May 192014
 

How do we reduce trolling?


Warning: this post includes some topics that cannot be openly discussed on the main forums. Do what you want, but keep it here.

If you ignore this and end up with infractions, don’t say I didn’t warn you.


The DDO community, like just about every game ever, has two distinct problems: harassment, and exploits. Both problems have the same solution: moderators and GMs investigate complaints and attempt to control abuse by warning, banning, or perma-banning offenders.

But it hasn’t worked. The game community gets smaller but the problems persist, and even in some ways, worsen.

Researchers hired by Riot Games may have figured out why: we are all trolls. Apparently. According to their tracking, the worst players were responsible for about 13% of negative events, but everyone else contributed the other 87%. “Inoffensive or even positive gamers were lashing out only occasionally, in isolated incidents—but their outbursts often snowballed through the community”. Banning the worst trolls wouldn’t be enough. Nothing less than community-wide reforms were needed.

In a Wired article published last week, some attempted reforms are detailed:

Strangely, something as simple as making PvP chat opt-in, rather than on by default, reduced negative chat by 30% and increased positive comments by 35%.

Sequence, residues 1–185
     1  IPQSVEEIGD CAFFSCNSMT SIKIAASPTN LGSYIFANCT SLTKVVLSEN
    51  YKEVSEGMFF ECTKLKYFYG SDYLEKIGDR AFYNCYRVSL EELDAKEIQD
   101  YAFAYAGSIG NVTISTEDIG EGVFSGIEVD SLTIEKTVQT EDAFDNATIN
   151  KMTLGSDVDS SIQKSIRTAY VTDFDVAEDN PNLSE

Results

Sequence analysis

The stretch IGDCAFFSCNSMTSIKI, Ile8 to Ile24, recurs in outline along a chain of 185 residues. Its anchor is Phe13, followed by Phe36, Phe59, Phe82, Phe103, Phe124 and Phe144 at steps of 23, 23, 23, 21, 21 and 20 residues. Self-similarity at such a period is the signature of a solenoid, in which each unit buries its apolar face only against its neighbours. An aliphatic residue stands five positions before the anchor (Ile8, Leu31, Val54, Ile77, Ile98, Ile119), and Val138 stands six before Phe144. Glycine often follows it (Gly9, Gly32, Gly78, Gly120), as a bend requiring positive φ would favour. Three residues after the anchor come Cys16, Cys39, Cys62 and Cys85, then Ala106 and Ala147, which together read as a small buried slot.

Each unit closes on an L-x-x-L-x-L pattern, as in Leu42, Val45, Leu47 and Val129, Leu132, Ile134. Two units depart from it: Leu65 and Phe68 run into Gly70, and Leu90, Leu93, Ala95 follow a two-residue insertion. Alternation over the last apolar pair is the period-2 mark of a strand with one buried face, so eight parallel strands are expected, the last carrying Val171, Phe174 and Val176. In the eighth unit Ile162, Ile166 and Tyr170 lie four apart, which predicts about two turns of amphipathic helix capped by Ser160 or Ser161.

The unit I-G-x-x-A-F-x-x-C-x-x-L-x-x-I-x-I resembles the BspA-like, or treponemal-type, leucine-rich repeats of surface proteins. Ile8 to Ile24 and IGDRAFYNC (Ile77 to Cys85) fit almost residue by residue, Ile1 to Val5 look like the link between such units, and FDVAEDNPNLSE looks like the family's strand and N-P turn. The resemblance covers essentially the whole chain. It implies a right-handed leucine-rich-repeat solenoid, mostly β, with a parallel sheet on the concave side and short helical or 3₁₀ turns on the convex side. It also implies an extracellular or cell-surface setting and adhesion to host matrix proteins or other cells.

Another reform was to change the way that rules are enforced. Offending players were found to be very likely to offend again, especially players that were banned. Banning actually worsened the problem. Riot adopted a policy change that included emails specifying exactly why the player was banned; returning players behavior improved “measurably”.

This next paragraph is a direct quote from the article:

In another initiative by Riot’s player- behavior team, League of Legends launched a disciplinary system called the Tribunal, in which a jury of fellow players votes on reported instances of bad behavior. Empowered to issue everything from email warnings to longer-term bans, users have cast tens of millions of votes about the behavior of fellow players. When Riot asked its staff to audit the verdicts, it found that the staff unanimously agreed with users in nearly 80 percent of cases. And this system is not just punishing players; it’s rehabilitating them, elevating more than 280,000 censured gamers to good standing. Riot regularly receives apologies from players who have been through the Tribunal system, saying they hadn’t understood how offensive their behavior was until it was pointed out to them. Others have actually asked to be placed in a Restricted Chat Mode, which limits the number of messages they can send in games—forcing a choice to communicate with their teammates instead of harassing others.